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Ambrose and Theodosius, Anthony van Dyck.

The Massacre of Thessalonica was massacre by Gothic troops under the Roman Emperor Theodosius I in 390 against the inhabitants of Thessalonica, who had risen in revolt against the Germanic soldiers.


In April 390, Butheric, a Gothic magister militum in command of Illyricum (which included Thessalonica), had a popular charioteer arrested for a homosexual offence (he tried to rape a male cupbearer).[1] The populace demanded the charioteer's release and, as Butheric refused, a general revolt ensued which cost Butheric and several other Roman authorities their lives. As soon as Theodosius heard of the uprising, he was enraged and ordered an immediate retaliation. The army units sent to Thessalonica acted as if they had captured a hostile city and massacred several thousands of its inhabitants. Church historian Theodoretus puts the figure at about 7,000, saying:

The anger of the Emperor rose to the highest pitch, and he gratified his vindictive desire for vengeance by unsheathing the sword most unjustly and tyrannically against all, slaying the innocent and guilty alike. It is said seven thousand perished without any forms of law, and without even having judicial sentence passed upon them; but that, like ears of wheat in the time of harvest, they were alike cut down.[2]

Although the Emperor changed his mind rather quickly and sent another messenger to cancel his previous order and to prevent the troops from massacring the inhabitants of the city, this revocation came too late.


Ambrose, the bishop of Milan, after hearing about the massacre, left Milan (which was the residence of Theodosius at that time) and refused to celebrate a mass in Emperor's presence, until Theodosius repented. In a letter to the emperor, Ambrose explained his position and gave reasons for his resolution:

What could I do? Should I not hear? But I could not clog my ears with wax, as old fables tell. Should I then speak about what I heard? But I was obliged to avoid precisely what I feared could be brought about by your orders, that is, a bloodshed. Should I remain silent? But then the worst thing would happen as my conscience would be bound and my words taken away. And where would they be then? When a priest does not talk to a sinner, then the sinner will die in his sin, and the priest will be guilty because he failed to correct him.[3]

According to Theodoret, when the emperor tried to enter a Milanese church, where Ambrose was about to celebrate a mass, the bishop stopped him and rebuked him for what he had done. And because the emperor “had been brought up according to divine words and understood well that some affairs are handled by priests, others by emperors”, he could do nothing but return "weeping and sighing" to the palace.[4] Eight months had passed and Theodosius still sat in the palace, moaning and sobbing. His magister officiorum Rufinus, who "used great freedom of speech due to the familiarity with the emperor", noticed this behaviour, approached and asked him why he was weeping. Having been told, he volunteered to see the bishop and ask him to reconsider. Theodosius hesitantly agreed and even chose to follow Rufinus from a distance. Ambrose was not restrained at all when negotiating with Rufinus, scolding him and even accusing him of complicity in the massacre: "Rufinus, you are as impudent as a dog, because it was you who advised the emperor such a bloodshed." When the emperor showed up, Ambrose at first remained stubborn and changed his mind only after Theodosius promised to promulgate a law, which in cases of death sentences would introduce a thirty-day lag before the execution.[5]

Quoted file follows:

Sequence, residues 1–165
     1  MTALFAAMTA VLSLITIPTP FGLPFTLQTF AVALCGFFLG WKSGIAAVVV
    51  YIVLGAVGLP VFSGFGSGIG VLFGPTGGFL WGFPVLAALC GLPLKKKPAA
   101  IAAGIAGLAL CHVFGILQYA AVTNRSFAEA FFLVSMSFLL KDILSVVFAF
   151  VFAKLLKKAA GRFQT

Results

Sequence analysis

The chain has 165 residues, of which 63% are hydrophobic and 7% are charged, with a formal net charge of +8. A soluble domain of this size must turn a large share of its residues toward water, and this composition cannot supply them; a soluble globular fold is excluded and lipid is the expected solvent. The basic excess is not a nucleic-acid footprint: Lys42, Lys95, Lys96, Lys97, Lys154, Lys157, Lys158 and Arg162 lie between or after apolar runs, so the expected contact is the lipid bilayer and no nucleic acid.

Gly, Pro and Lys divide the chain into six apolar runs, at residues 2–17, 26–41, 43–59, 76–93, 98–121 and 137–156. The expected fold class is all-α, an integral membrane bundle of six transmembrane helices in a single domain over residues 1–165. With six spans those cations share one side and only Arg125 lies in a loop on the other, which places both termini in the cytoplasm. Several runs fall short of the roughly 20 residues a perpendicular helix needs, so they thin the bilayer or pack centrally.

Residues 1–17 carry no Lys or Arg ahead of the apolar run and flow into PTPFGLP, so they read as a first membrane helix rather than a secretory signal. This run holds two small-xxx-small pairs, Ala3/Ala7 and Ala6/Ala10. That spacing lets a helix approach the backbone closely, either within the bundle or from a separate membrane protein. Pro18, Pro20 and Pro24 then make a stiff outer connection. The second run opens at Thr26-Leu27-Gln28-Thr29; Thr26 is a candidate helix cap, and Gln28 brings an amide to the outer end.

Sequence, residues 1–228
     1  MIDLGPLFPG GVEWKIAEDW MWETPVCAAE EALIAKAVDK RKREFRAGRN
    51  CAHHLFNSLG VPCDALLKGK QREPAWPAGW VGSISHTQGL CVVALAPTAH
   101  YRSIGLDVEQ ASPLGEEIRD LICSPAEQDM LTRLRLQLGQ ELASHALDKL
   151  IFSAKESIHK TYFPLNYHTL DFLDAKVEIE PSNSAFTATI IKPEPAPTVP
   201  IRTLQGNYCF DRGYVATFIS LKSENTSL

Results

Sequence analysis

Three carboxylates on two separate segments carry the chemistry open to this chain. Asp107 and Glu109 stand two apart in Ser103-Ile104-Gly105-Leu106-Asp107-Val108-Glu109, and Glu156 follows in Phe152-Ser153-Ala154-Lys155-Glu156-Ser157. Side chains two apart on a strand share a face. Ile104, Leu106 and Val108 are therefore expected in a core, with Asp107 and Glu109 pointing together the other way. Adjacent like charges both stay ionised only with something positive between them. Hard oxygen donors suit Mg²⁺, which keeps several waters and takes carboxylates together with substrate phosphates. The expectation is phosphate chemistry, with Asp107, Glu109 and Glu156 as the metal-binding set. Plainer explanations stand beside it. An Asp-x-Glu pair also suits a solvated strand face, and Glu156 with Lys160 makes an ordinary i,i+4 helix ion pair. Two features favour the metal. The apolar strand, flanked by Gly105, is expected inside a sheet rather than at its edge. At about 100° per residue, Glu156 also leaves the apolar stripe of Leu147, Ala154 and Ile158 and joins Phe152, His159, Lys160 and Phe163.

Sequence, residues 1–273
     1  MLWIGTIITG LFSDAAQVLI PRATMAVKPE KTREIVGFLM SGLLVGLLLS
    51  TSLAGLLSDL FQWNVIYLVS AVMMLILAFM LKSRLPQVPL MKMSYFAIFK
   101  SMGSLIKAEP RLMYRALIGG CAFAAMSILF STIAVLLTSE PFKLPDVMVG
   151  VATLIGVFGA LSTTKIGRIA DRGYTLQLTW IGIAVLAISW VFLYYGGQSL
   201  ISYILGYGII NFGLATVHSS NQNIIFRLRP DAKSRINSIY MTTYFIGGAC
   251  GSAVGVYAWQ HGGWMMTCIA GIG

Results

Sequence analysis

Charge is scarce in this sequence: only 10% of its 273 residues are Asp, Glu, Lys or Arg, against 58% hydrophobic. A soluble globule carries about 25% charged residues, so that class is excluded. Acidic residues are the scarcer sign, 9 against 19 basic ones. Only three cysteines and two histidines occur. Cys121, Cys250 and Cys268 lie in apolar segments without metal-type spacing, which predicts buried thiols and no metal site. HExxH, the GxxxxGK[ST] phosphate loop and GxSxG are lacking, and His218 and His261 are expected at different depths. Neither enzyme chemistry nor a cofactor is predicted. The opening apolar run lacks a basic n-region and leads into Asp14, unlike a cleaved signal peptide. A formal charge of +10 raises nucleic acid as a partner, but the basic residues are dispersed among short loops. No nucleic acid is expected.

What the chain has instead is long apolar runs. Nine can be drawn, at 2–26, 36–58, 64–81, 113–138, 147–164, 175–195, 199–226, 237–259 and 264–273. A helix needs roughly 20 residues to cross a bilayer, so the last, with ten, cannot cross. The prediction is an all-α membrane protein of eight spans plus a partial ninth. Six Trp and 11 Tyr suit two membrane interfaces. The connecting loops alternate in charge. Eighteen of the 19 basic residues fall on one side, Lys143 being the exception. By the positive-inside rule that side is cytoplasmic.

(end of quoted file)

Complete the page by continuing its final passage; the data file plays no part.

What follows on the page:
See also

  • List of massacres in Greece


  1. Sozomenus, Ecclesiastical History 7.25
  2. Theodoretus, Ecclesiastical History 5.17
  3. Ambrose, ep. 51.3
  4. Theodoret, Historia ecclesiastica 5.17
  5. This law is extant, but the problem is that it was issued in 382 already (see CTh 9.40.13) jointly by Theodosius, Valentinian II and Gratian.


The massacre is treated in all accounts of Theodosius' reign, including:

  • A. Lippold: Theodosius der Große und seine Zeit. 2nd ed., München 1980, p. 40ff.
  • J. Norwich, Byzantium: The Early Centuries, p. 112.
  • E. Gibbon, The Decline and Fall of the Roman Empire, ch.27 2:56
  • A. Demandt: Magister Militum. In: Pauly-Wissowa. Paulys Realencyclopädie der classischen Altertumswissenschaft (neue Bearbeitung). Supplementband XII, Sp. 717 - Butherichh and Theodosius

See also:

  • P. Heather, Goths and Romans, 332-489. Oxford 1991, p. 184.
  • A. Schwarz, Reichsangehörige Personen gotischer Herkunft. Wien 1984, s.v. Butherichus.

Primary sources for this event:

  • Theodoret, Historia ecclesiastica 5.17
  • Sozomenus, Historia ecclesiastica 7.25.1-7
  • Cassiodorus, Historia ecclesiastica 9.30
  • Ambrose, epistola 51
  • Ambrose, De obitu Theodosii 34

Later historical works:

  • Joannes Malalas, Chronographia 13.43
  • Theophanes the Confessor, Chronographia 1.72-3
  • Cedrenus, Compendium historiarum 1.556-9
  • Joannes Zonaras, Epitome historiarum 13.18.

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